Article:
Whistle-blower Edward Snowden has joined a growing chorus of people demanding David Cameron's resignation after the prime minister finally admitted to profiting from his father's offshore investments to the tune of £30,000 ($42,208).
The American exiled in Russia expressed his views in a series of tweets mocking the PM alongside Iceland Prime Minister Sigmundur David Gunnlaugsson, who was forced to step down following the so-called Panama Papers leak, and urging Britons to press for Cameron's resignation.
He encouraged British voters to take a stand and join a protest that has been planned outside 10 Downing Street on 9 April to demand the prime minister's resignation. "It's up to the British people, not us. In Iceland, 10% of all voters were in the streets within 24 hours, and for less," he tweeted.
According to the information that has leaked from the Panama law firm Mossack Fonseca, Cameron's late father Ian Cameron's investment company is said to have avoided paying tax in the United Kingdom by having its directors hold board meetings in Switzerland and the Bahamas rather than in London.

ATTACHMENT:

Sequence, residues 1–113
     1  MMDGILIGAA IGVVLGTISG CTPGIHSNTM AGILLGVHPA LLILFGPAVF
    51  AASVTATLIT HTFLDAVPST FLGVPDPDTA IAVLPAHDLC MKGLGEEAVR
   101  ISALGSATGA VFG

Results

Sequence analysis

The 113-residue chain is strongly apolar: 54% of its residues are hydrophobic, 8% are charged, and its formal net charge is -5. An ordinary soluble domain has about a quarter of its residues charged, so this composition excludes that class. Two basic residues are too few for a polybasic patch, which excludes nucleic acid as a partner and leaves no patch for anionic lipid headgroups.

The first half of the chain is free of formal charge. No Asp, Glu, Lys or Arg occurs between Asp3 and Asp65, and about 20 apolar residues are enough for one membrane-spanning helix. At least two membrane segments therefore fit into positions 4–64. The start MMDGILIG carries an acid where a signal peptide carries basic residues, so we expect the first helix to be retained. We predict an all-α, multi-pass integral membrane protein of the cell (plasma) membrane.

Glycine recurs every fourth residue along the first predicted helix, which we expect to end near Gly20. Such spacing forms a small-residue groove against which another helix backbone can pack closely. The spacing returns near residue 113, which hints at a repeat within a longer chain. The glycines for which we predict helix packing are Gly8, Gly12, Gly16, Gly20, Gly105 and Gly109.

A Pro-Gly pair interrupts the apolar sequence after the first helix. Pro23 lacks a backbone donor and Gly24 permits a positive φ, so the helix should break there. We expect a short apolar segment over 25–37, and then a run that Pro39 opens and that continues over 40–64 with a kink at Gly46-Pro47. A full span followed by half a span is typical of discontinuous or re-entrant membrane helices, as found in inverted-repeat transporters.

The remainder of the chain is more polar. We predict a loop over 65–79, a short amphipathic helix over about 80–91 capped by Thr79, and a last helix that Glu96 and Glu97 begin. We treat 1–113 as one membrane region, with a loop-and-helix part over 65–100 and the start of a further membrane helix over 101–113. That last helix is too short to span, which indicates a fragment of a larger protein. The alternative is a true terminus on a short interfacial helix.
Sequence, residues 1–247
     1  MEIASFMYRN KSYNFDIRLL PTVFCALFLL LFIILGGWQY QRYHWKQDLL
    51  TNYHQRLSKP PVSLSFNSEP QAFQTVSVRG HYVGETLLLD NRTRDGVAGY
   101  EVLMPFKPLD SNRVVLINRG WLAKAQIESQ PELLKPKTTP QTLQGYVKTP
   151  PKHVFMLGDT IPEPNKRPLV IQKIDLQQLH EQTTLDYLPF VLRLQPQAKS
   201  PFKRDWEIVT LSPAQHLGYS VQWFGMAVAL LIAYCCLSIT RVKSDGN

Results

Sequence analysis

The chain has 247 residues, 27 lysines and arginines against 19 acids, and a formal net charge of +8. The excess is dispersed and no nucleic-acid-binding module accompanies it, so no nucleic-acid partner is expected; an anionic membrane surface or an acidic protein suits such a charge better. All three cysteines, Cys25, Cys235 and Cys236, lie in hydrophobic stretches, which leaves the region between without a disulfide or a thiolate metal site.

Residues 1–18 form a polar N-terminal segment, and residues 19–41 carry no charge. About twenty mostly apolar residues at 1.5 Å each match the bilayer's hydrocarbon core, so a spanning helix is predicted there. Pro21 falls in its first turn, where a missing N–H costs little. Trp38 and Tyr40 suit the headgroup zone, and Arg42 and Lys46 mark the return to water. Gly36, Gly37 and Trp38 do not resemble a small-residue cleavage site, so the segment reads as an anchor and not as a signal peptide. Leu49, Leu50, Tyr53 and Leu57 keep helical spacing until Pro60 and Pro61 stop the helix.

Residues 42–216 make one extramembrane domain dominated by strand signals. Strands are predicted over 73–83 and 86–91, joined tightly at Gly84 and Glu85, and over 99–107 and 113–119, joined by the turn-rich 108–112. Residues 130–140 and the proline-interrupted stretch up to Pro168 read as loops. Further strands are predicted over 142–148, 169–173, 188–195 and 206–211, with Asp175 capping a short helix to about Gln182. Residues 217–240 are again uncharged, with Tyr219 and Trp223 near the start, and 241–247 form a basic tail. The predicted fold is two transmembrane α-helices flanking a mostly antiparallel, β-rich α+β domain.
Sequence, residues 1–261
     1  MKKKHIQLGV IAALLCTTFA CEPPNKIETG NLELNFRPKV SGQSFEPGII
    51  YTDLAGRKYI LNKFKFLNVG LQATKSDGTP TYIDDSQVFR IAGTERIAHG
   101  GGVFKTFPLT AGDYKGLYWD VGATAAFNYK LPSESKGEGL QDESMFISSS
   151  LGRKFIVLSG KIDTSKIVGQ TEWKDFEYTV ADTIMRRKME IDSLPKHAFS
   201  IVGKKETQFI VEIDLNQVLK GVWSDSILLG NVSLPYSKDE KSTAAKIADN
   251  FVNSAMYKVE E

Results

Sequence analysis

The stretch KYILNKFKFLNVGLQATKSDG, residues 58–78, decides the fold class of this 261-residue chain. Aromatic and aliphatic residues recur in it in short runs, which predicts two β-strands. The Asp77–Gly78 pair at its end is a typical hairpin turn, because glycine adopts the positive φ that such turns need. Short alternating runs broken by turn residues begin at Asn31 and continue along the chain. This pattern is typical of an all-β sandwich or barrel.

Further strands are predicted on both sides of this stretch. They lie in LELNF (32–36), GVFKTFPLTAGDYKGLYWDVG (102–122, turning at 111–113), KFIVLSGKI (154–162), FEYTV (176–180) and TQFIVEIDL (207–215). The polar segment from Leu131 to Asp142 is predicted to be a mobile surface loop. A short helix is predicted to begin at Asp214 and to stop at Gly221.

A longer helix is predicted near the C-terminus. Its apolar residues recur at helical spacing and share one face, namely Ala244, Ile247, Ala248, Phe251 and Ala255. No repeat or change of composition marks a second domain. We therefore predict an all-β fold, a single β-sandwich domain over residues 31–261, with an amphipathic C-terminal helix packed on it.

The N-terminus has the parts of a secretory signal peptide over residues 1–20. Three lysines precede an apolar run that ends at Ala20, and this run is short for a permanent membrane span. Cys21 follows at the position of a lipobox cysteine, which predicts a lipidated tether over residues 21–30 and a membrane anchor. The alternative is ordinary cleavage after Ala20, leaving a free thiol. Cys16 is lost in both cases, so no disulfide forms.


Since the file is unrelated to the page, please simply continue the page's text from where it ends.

Earlier, he claimed no connection with the company but during a recent interview with ITV News, Cameron confessed to profiting from a Panama-based offshore trust set up by his father.
He admitted that he and wife Samantha had shares in the company in 1997, which were sold off in 2010, for which he paid income tax. "I obviously can't point to the source of every bit of money and dad's not around for me to ask the questions now," Cameron said when questioned about the £300,000 ($422,085) he inherited.
The Panama Papers is a collection of 11.5 million confidential documents regarding more than 214,000 offshore companies that have registered offshore companies with the Panama law firm Mossack Fonseca, and were first made public by the German newspaper Süddeutsche Zeitung.